A wintry mix moved into southern Indiana and central Kentucky on the night of Monday, January 26, 2009. Precipitation began as light freezing drizzle and freezing rain over the entire area, but changed to sleet and then snow overnight into the early morning hours of Tuesday across southern Indiana and northern Kentucky. Up to 6 inches of snow accumulated across the northernmost sections of the CWA. Freezing rain continued over southern Kentucky. On Tuesday the 27th, precipitation changed to freezing rain over southern Indiana and northern Kentucky, and to rain over southern Kentucky. Ice over an inch thick was reported in many locations from the freezing rain. Tuesday night freezing rain and sleet continued over southern Indiana, freezing rain transitioned to rain over northern Kentucky, and rain, occasionally heavy, continued over southern Kentucky. Minor...mainly river flooding developed in some spots by Wednesday from the steady rain. On the morning of Wednesday, January 28, precipitation changed over to snow from northwest to southeast across the area. About 3 to 4 inches of additional snow accumulation piled up in the north, with less to the south.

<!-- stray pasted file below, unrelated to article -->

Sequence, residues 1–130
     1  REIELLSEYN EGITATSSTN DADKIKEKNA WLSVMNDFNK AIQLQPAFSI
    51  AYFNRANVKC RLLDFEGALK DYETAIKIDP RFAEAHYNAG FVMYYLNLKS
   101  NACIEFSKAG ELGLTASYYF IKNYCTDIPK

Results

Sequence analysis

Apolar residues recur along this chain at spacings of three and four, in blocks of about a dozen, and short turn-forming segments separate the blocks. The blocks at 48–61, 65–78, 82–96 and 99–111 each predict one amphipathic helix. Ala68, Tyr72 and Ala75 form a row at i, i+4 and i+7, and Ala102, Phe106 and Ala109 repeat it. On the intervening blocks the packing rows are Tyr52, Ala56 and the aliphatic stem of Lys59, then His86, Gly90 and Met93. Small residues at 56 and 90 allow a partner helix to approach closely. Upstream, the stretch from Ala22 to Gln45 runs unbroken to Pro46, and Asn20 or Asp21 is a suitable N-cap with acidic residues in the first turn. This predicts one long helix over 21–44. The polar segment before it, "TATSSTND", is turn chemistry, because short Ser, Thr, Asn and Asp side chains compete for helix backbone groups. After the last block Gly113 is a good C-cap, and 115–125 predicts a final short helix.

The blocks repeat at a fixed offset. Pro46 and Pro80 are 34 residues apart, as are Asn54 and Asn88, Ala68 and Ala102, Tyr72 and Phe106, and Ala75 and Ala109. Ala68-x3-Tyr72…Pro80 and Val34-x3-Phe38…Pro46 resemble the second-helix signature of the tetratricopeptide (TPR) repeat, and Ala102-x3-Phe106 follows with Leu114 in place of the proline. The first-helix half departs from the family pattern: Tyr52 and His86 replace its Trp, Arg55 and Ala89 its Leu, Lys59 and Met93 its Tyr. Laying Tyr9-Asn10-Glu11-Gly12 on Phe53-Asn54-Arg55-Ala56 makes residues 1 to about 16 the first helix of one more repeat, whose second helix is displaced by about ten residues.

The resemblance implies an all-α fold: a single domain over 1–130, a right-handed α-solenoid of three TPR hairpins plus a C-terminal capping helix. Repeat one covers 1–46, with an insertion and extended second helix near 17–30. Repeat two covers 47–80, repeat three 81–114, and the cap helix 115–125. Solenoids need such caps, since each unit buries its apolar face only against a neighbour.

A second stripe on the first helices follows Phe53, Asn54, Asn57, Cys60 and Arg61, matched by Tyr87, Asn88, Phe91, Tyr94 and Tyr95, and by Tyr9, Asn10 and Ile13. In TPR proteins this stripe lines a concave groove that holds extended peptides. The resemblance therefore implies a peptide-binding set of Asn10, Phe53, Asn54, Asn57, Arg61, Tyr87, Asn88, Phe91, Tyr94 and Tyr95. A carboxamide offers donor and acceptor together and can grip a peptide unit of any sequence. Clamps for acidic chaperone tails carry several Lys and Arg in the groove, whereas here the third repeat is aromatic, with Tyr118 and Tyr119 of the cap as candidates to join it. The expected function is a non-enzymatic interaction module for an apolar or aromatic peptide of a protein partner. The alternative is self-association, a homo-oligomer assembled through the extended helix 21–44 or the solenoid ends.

The storm caused Kentucky's largest power outage on record, with 609,000 homes and businesses without power across the state. Property damage was widespread, with the damage due to falling trees, large tree limbs, and power lines weighed down by ice. In the Louisville metropolitan area, 205,000 lost power and it took up to 10 days to get everyone hooked back up. Area school systems were closed for an entire week. Several emergency shelters were set up across the affected region. In Louisville's local school system, 69 schools lost power.